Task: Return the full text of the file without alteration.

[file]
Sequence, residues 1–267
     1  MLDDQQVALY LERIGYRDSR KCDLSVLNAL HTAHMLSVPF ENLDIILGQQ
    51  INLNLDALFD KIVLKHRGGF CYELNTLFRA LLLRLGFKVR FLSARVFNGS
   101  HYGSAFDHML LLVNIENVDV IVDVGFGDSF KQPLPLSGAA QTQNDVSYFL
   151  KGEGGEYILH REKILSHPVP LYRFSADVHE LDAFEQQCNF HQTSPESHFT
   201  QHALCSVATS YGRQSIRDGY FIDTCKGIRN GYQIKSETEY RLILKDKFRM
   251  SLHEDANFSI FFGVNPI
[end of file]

Sequence, residues 1–267
     1  MLDDQQVALY LERIGYRDSR KCDLSVLNAL HTAHMLSVPF ENLDIILGQQ
    51  INLNLDALFD KIVLKHRGGF CYELNTLFRA LLLRLGFKVR FLSARVFNGS
   101  HYGSAFDHML LLVNIENVDV IVDVGFGDSF KQPLPLSGAA QTQNDVSYFL
   151  KGEGGEYILH REKILSHPVP LYRFSADVHE LDAFEQQCNF HQTSPESHFT
   201  QHALCSVATS YGRQSIRDGY FIDTCKGIRN GYQIKSETEY RLILKDKFRM
   251  SLHEDANFSI FFGVNPI